Although we were all very full with cake (There was a HUGE amount of cake.  And little sandwiches.  And scones with jam and clotted cream.  As I may have mentioned, Jan did a fantastic job with the catering), after most of the guests had departed, the rest of us headed into town to the food trucks in the Square, as I’d promised Dad we would last time he visited.   There weren’t as many people as usual (probably because of the weather and the holiday), so there weren’t the usual queues for the popular trucks, so we had a pleasant evening sampling the fare from various trucks and watching a group of break-dancers.

The next morning I had a surprise planned for the Niblings, as a late and/or early birthday present – I’d bought us all (plus Dad and Lytteltonwitch) tickets to the Crate Escape, an escape room that’s just opened in Christchurch.  Escape rooms are pretty new in NZ, so none of us had done one before.  It was great fun – we were locked into a room (inside a shipping container, of course – this is Christchurch, after all) and had 90 minutes to find the clues that would let us out.  The puzzles you had to solve were really nicely varied, so everyone had a chance to be good at something, and most of them needed some sort of teamwork (usually because half of a clue would be at one end of the room, and the other at the other end, so you’d have to communicate with each other to get the complete answer), so it was perfect to do as a group.  We got a pretty good time considering it was our first time – the guy on the front desk told us the average is 50 minutes, and we managed it in 45.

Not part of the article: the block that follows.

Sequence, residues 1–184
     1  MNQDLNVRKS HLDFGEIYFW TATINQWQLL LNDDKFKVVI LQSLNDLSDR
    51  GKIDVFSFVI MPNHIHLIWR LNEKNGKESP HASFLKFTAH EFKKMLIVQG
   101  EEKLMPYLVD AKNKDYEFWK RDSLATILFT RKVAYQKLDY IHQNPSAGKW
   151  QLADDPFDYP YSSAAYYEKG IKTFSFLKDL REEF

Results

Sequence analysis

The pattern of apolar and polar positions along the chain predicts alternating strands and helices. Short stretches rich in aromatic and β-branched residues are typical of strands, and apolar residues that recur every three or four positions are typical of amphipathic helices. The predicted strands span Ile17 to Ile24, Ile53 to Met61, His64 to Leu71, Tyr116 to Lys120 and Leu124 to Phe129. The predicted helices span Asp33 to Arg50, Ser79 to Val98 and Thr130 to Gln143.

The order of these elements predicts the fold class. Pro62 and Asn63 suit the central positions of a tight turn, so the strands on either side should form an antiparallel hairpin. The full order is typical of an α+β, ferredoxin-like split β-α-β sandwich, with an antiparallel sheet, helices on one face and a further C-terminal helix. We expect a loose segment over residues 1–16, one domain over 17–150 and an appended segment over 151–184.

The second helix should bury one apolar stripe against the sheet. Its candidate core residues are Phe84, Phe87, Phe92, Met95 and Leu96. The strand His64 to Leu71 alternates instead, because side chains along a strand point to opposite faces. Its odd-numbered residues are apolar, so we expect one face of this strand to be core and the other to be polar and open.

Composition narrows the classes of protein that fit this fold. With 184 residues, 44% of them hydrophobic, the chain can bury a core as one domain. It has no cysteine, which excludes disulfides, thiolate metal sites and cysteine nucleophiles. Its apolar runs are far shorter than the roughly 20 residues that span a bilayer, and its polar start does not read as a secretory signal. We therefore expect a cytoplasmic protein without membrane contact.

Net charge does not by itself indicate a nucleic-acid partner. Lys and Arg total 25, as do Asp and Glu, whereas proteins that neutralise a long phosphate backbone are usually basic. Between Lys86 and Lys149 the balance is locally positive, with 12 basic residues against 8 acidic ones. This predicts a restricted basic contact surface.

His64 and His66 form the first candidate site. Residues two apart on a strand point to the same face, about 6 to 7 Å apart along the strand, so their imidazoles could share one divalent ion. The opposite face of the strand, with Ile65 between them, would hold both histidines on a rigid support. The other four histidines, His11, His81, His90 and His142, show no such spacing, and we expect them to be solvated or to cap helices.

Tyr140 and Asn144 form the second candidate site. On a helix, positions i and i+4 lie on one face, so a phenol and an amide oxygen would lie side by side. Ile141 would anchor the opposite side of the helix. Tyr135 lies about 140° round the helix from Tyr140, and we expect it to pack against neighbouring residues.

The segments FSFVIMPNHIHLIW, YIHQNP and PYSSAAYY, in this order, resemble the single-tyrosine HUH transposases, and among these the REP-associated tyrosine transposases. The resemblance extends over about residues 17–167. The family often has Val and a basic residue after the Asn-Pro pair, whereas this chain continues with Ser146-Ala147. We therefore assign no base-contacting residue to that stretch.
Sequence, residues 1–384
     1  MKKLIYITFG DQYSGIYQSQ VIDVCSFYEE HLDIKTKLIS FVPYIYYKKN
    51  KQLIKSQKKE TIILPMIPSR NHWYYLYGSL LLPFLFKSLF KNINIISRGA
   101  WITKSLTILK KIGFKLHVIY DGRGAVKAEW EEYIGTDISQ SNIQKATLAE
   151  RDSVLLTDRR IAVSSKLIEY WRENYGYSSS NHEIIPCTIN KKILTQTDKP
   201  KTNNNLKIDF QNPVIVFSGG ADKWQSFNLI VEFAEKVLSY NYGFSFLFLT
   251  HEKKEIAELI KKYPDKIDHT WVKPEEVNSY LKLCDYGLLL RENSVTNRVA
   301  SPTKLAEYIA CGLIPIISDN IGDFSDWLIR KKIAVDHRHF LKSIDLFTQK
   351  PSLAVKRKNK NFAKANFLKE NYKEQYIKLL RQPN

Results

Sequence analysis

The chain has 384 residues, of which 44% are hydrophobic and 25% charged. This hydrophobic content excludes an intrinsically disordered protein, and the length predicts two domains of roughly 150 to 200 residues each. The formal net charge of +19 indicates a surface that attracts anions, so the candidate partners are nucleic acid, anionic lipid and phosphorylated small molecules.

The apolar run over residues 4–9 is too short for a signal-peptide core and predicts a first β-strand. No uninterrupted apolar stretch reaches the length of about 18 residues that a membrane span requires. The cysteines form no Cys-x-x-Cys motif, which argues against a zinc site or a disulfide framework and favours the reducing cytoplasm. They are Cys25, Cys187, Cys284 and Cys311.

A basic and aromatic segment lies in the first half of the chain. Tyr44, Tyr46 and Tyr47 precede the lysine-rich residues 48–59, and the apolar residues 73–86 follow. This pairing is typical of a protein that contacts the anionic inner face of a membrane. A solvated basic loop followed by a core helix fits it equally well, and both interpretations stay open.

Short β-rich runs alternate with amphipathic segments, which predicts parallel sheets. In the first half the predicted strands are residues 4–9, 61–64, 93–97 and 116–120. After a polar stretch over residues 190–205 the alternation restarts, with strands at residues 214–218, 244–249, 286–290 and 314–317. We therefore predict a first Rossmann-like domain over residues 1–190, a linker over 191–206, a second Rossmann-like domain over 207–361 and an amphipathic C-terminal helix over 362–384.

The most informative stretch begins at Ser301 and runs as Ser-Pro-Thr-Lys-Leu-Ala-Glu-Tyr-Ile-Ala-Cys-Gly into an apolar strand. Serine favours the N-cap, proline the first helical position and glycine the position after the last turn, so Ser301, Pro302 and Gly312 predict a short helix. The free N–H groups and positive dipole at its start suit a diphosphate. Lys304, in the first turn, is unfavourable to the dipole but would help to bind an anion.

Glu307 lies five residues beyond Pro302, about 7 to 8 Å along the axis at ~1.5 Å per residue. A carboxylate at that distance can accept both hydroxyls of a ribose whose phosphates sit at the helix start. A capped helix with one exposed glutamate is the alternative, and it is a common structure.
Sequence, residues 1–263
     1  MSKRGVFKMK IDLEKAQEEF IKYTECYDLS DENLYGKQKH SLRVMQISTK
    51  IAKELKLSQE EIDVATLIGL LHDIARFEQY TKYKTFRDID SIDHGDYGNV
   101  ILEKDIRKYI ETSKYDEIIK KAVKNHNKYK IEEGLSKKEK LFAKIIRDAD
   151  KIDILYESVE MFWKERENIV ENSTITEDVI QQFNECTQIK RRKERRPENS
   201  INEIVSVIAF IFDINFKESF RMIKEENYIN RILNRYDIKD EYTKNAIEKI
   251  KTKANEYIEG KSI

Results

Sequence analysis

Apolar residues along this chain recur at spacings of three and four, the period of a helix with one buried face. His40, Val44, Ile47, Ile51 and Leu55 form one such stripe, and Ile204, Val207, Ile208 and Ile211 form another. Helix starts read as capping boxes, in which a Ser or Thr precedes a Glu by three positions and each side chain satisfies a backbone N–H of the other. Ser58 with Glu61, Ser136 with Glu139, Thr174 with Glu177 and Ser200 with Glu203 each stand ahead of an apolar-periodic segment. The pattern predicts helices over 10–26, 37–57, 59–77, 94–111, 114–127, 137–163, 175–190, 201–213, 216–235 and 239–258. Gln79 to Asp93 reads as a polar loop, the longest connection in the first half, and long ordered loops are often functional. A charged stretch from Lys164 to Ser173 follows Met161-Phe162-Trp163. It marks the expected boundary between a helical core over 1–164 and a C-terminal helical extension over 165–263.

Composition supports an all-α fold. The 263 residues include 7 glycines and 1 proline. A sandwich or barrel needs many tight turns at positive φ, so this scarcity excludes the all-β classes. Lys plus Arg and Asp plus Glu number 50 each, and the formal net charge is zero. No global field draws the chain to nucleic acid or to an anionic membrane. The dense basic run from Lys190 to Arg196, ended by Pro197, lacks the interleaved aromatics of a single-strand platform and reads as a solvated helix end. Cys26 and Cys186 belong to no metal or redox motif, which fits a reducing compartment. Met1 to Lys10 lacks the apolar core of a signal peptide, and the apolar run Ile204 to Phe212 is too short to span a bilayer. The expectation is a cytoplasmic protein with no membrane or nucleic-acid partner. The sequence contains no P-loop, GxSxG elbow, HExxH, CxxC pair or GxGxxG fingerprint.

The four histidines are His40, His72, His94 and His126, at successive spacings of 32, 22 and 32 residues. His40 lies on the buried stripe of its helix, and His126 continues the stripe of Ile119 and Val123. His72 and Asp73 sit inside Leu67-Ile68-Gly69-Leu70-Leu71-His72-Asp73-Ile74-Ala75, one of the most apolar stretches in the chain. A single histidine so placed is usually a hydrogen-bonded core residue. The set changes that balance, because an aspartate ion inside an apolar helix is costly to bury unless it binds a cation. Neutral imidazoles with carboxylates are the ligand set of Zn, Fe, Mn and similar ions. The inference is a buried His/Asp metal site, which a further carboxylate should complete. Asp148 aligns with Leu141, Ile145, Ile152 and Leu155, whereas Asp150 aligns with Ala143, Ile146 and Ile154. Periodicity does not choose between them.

Niece went back to Alexandra with Dad and Stepmother that afternoon, but the boys stayed on with me for a few days (as did Fuzzle).  After all the excitement of graduation and the party, we had a pretty low-key remainder of the Easter break – mostly doing jigsaws and playing on the computer, with a few excursions into town for meals and to visit the Art Gallery.  It was still a fun visit though, and I think all enjoyed themselves.

I managed to catch up with Jenny and Christian for lunch (at Foo San, of course!) before they headed back to Brisbane.  It was great to see Jenny again after so long (I was surprised to realise it’s been four years since they moved to Australia!), and to realise that she’s one of those wonderful sort of friends where you can not see each other for years, and then just pick up the conversation where you left off.  They had a graduation present for me too – a voucher to Scorpios bookshop (they know me so well :-) )  So of course I grabbed the first opportunity I could to pop into town and do a little shopping: